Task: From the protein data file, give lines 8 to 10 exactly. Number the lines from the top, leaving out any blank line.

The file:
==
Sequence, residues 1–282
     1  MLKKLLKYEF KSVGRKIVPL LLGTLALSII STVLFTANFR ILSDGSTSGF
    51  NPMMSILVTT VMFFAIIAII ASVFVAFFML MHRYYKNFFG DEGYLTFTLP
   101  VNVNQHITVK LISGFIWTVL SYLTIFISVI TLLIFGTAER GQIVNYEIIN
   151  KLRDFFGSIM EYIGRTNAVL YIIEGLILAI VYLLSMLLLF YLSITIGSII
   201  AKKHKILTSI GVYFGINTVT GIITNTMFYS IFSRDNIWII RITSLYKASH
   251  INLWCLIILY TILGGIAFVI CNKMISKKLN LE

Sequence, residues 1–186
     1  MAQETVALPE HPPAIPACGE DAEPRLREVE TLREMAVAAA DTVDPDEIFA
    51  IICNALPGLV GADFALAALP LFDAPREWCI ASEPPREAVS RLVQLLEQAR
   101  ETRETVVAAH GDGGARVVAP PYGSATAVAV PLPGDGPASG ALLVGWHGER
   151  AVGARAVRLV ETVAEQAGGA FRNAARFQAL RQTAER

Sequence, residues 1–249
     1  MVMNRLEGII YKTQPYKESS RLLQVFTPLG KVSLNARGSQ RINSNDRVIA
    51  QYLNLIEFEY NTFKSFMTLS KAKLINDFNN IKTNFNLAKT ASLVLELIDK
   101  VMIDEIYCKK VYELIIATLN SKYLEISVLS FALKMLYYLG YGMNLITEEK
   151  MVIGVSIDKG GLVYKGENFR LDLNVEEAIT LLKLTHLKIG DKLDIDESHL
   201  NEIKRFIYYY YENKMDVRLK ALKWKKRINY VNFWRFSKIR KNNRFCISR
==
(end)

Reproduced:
Sequence, residues 1–186
     1  MAQETVALPE HPPAIPACGE DAEPRLREVE TLREMAVAAA DTVDPDEIFA
    51  IICNALPGLV GADFALAALP LFDAPREWCI ASEPPREAVS RLVQLLEQAR